Confidence at big Japanese manufacturers worsened for the first time in three quarters in the three months to September and is seen declining further ahead, a closely watched central bank survey showed.
The headline index for big manufacturers' sentiment fell 3 points from three months earlier to plus 12 in September, the Bank of Japan's quarterly "tankan" survey showed on Thursday.
That compared with the median estimate of plus 13 in a Reuters poll of economists.
Big firms plan to raise capital expenditures by 10.9 percent in the fiscal year that started April 1, compared with their previous plan to boost capital spending by 9.3 percent.
The tankan's sentiment indexes are derived by subtracting the number of respondents who say conditions are poor from those who say they are good. A positive reading means optimists outnumber pessimists.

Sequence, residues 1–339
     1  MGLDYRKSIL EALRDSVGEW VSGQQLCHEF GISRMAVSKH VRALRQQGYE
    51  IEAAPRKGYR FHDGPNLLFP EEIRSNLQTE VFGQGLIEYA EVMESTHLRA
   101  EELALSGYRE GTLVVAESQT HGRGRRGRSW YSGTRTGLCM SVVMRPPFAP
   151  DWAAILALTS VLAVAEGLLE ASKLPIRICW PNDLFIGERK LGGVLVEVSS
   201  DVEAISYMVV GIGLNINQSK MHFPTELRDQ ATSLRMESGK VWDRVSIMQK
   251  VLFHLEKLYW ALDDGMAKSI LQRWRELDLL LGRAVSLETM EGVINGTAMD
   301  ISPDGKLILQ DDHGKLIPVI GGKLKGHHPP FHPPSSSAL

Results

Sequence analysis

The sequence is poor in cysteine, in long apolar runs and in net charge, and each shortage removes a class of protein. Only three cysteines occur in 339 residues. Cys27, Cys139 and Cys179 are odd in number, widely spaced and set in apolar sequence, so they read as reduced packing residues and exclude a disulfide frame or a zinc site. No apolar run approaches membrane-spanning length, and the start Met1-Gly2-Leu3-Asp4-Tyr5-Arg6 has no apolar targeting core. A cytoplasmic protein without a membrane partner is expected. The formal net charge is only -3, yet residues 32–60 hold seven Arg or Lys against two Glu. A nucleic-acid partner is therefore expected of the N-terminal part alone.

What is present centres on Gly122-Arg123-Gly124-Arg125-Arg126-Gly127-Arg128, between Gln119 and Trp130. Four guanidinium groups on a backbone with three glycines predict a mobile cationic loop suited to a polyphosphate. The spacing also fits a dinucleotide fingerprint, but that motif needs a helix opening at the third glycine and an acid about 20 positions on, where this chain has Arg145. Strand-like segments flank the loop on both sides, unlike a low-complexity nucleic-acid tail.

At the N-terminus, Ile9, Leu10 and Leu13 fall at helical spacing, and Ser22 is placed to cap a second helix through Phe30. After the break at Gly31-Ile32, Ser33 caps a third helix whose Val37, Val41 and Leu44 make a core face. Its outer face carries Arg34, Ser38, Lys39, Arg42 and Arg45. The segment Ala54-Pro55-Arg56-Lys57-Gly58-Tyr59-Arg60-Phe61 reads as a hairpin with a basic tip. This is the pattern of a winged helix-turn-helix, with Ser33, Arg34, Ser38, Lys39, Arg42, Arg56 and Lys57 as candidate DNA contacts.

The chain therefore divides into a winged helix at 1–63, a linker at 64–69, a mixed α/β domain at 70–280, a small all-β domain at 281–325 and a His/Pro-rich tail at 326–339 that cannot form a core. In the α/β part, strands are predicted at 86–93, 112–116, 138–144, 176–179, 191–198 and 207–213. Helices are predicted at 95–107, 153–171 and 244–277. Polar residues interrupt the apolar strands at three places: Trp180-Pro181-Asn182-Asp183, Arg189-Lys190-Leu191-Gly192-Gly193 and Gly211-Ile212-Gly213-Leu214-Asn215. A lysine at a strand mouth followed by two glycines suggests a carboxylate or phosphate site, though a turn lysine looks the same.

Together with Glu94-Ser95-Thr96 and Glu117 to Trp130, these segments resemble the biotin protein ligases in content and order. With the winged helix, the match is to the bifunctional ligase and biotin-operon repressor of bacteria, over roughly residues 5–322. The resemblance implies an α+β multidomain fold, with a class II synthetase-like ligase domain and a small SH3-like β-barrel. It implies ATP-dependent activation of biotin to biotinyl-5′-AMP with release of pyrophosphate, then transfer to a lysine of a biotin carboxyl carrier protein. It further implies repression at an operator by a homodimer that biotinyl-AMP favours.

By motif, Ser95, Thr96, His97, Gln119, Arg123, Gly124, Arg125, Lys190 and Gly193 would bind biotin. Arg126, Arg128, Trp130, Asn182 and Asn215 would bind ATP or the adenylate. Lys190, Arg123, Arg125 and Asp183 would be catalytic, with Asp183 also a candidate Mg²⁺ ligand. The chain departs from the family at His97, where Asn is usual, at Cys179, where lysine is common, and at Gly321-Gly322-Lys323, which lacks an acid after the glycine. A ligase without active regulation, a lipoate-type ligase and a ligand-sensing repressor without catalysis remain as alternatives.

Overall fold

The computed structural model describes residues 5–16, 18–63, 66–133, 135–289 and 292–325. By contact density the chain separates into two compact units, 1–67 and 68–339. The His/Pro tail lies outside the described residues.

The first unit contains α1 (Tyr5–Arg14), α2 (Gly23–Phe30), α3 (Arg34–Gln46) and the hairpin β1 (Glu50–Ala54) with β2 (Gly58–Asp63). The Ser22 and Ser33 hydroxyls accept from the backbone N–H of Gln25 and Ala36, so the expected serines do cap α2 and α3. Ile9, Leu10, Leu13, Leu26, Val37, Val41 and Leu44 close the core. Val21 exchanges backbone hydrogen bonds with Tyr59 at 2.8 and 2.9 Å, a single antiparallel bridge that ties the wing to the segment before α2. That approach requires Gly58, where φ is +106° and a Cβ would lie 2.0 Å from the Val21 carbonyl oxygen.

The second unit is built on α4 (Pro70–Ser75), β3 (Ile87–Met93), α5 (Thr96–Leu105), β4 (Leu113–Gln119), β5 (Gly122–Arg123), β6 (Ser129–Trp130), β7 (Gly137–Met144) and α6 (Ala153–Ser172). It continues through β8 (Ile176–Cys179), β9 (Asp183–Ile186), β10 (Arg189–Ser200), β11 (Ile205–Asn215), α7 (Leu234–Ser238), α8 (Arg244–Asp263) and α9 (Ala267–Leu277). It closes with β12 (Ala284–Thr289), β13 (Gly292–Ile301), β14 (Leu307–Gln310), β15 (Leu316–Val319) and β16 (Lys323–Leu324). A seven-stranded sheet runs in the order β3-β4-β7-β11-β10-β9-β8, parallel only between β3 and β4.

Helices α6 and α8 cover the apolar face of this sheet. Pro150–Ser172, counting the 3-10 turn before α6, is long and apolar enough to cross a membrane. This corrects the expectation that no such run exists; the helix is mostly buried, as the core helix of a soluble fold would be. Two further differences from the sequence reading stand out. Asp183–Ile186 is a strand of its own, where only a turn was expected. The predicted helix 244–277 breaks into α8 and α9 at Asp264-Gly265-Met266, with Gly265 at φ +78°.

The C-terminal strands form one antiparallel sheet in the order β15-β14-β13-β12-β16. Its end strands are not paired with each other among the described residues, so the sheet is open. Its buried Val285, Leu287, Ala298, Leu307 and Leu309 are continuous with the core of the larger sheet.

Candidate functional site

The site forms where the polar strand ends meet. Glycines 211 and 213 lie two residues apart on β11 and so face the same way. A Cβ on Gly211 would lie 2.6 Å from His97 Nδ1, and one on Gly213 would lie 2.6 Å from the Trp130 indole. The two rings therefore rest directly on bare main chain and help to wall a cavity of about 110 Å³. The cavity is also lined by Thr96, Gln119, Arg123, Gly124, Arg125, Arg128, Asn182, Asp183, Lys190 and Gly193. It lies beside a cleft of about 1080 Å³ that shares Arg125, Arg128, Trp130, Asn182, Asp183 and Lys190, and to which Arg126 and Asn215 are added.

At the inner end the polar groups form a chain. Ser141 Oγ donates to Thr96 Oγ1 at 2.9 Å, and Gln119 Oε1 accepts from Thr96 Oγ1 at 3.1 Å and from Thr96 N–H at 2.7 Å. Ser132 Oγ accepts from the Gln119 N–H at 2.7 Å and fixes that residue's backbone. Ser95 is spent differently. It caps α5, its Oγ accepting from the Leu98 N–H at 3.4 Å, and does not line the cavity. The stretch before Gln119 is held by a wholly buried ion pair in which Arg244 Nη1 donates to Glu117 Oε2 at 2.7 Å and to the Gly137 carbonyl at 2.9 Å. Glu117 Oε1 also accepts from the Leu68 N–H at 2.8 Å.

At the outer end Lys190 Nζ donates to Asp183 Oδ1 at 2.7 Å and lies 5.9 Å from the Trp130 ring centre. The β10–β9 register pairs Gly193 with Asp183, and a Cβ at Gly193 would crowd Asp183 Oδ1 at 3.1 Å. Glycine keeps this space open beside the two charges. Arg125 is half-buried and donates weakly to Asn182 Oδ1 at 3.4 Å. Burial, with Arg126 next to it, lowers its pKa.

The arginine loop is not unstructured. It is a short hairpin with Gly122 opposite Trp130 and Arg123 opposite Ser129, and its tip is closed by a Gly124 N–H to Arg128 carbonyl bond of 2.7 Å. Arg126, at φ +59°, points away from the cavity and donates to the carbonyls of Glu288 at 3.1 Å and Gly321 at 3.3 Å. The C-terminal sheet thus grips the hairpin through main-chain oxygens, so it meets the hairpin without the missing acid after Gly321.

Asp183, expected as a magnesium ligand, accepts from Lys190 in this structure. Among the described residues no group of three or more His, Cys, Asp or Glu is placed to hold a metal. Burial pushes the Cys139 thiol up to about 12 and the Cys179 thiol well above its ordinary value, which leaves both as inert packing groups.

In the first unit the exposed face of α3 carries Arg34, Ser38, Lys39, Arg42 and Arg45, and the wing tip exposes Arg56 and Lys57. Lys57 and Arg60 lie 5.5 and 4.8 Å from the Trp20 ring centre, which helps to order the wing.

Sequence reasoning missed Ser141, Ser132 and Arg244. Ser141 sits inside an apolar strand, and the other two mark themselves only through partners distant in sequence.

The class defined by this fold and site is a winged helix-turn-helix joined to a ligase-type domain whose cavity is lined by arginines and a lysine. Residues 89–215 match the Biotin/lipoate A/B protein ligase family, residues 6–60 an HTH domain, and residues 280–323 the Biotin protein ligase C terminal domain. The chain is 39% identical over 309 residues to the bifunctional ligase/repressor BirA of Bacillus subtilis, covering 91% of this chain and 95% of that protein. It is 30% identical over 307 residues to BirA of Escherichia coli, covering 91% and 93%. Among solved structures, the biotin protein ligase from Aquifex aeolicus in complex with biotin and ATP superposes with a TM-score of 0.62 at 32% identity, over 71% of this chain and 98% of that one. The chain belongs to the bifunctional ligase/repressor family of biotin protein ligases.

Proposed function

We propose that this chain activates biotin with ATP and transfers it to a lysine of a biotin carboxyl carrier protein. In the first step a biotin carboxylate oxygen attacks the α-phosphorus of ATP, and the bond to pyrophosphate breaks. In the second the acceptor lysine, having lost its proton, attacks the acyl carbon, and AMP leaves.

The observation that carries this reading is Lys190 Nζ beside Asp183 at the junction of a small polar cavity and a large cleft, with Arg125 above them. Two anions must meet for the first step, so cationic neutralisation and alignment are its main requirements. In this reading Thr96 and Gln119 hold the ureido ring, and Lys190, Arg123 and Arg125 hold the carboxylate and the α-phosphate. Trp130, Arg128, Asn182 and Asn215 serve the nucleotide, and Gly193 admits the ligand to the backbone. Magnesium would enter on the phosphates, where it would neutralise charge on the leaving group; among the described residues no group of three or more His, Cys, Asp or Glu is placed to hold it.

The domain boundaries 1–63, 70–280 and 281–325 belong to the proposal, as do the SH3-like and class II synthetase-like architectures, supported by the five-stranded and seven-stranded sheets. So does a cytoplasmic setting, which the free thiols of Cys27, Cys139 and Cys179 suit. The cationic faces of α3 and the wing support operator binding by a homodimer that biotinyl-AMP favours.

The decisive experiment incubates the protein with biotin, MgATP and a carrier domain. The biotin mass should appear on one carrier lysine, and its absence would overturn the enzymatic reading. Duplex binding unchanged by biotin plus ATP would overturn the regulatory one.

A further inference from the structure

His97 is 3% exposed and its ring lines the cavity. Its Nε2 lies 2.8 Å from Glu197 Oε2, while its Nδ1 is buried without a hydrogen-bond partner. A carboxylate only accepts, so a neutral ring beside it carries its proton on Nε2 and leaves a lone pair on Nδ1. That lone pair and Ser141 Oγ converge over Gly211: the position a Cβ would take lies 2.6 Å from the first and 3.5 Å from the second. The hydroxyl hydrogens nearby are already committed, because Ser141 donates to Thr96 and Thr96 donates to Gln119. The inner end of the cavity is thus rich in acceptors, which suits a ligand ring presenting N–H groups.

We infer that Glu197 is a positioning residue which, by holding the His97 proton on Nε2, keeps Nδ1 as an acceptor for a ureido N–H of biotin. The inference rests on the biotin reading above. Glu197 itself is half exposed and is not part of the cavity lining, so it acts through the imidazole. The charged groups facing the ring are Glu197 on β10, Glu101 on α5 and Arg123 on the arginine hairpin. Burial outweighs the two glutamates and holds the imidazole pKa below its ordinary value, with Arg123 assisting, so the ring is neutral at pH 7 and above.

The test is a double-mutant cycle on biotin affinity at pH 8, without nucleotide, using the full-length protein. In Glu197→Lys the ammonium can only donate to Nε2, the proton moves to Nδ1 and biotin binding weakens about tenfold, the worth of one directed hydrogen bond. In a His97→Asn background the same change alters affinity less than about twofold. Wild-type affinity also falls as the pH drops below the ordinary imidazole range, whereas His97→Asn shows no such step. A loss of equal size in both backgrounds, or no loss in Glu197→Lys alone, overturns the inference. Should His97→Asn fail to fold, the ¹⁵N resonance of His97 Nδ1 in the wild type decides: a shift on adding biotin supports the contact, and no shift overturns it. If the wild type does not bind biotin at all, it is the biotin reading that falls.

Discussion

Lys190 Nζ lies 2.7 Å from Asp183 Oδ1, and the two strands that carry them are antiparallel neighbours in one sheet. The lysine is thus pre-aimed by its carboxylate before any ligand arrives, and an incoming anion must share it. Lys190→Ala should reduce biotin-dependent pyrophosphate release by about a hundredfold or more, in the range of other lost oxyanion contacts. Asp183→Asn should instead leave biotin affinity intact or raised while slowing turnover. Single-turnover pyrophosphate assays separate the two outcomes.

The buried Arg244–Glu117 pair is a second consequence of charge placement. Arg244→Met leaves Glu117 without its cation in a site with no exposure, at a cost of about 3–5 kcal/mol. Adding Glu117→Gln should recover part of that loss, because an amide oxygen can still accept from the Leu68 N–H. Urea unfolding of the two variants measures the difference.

Shuji Tonouchi, senior fixed income strategist at Mitsubishi UFJ Morgan Stanley Securities, said that the index indicated conditions were "not that bad."
"This suggests the economy may not contract in the third quarter," he said. "Overseas demand is expected to improve in the future, so companies think recent turmoil caused by overseas economies is temporary. Domestic demand doesn't look great, but it is unlikely to deteriorate much from here.
"The BOJ is still likely to ease policy and we expect easing at the end of the month. The problem is the price trend and inflation expectations.